The violet hour by the Clientele review

Joshua Geaughan, staff reporter

The Violet Hour came out in 2003


Blood, guts, and gore, devils stalking in the night, haunted dolls; the constant bombardment with “the new scariest thing” can get tiring after a while. Perhaps we need to take a second and see “scary” through a different, softer perspective. The Clientele’s first album, the violet hour, released in 2003, is the perfect break from the horror we have become accustomed to;  gothic imagery and foggy tone provide a look into the creatures of the night without trying to elicit a scream from the audience.

The first practical example of the clientele’s love for the night comes from the album art. The art for the cover is blurry, a photo was taken from a moving bus in the dark of night,  the green light silhouetting the passing trees that haunt the bottom half of the frame like ghosts. It is a good representation of the sound of the album; blurry and illogical but pervasive enough to comfort one from the outdoors. The clientele sings about climbing moss or burning fireplaces but with no coherent meaning, causing the listener to create an abstract picture of the emotions that the lyrics paint, reframing dangerous landscapes (the park at night, a dark alley) into very comfortable and ideal places to be. 

My favorite songs on the album are the House Always Wins and its follow-up Policeman Getting Lost, they do an excellent job at conveying the solitude of spending time with someone else and use the driving nature of the album’s drum backing to paint a hazy picture. House always wins is a long song (about 8 minutes) the type of easy listening that the album pertains to should not be able to hold a slow pace over 8 minutes, but the quality of the song surpasses all worries about length. The singing style of lead singer Alasdair Maclean sends you to the barrier between dreamlike sleep and acute awareness of your surroundings, and the finger-picking style of the guitar set over a carefully placed tambourine only adds to the surrealism of the song.  The house always wins is the purest expression of why this album works so well, it’s dizzy and illogical but there is a heart to it that holds everything together. It is the perfect song for driving at night or sitting with friends near a fire, it makes the darkness of the night seem like a blanket from the sun.  Policeman getting lost is the closing song of the album, and it is the culmination of everything the album has put up before it. If the whole album was walking the line of sleep, this song pushes you into the murky unknowns of dreams, guiding you slowly into the comfort that the rest of the album promises.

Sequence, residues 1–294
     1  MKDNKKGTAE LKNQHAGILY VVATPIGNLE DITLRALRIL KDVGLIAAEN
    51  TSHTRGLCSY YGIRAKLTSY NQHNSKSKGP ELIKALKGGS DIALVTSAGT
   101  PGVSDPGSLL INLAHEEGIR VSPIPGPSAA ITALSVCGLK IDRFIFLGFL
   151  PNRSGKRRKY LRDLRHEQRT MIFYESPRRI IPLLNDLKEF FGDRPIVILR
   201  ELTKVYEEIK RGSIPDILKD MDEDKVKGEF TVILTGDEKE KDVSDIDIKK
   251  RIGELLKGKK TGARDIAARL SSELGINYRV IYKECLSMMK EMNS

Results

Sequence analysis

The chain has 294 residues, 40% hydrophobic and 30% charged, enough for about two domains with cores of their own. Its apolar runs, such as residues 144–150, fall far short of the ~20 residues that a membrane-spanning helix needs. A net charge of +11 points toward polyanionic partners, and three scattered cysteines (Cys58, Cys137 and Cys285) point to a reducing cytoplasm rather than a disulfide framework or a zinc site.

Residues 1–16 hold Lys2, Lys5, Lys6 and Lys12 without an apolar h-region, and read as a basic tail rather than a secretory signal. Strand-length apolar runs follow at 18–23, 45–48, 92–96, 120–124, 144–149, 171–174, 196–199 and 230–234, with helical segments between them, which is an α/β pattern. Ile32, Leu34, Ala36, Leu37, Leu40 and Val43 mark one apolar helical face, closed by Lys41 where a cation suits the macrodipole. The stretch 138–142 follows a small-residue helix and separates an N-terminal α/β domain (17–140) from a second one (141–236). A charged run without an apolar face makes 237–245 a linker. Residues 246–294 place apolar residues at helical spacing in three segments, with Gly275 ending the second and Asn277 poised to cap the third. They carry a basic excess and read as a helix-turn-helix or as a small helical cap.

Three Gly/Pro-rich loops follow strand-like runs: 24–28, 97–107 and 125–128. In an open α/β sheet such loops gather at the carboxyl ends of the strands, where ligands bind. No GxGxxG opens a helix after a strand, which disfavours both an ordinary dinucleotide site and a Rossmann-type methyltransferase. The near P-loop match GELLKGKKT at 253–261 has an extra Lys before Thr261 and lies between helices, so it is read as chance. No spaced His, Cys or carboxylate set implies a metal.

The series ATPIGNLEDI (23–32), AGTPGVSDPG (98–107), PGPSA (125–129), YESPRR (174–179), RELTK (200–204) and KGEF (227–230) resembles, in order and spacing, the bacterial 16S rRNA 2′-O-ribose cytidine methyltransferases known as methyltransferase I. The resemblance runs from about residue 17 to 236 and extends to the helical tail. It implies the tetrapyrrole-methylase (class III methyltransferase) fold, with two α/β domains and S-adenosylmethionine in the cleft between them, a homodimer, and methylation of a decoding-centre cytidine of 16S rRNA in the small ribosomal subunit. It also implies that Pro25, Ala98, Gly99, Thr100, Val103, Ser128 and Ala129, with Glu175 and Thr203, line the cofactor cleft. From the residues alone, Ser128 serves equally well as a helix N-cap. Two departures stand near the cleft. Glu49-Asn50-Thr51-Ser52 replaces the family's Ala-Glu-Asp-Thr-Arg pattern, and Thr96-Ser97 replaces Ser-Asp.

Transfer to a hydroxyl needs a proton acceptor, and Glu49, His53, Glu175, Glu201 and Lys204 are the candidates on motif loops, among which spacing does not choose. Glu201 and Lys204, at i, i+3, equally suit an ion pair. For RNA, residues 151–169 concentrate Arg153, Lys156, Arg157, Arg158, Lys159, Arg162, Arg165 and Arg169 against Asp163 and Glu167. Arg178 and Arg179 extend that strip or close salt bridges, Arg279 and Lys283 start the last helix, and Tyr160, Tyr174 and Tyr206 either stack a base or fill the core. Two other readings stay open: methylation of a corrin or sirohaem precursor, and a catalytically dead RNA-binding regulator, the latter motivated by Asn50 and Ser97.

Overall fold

There has always been a connection between sleep and the horrors of the night, seeing night implies staying up past twilight, but the violet hour also implies a lack of sleep. The cloudy loss of reality that comes from insomnia, sleep deprivation, staying up late at a party, or driving is capitalized through each track on the album including the faster songs like Jamaican Run Rhumba (a bosa nova instrumental interlude to tie the two halves of the album together) or the titular the Violet Hour (A consistently driving force of the album). The clientele’s violet hour tries to reject modern notions of what night is supposed to feel like and replaces them with comforting solitude. 


The violet Hour by the Clientele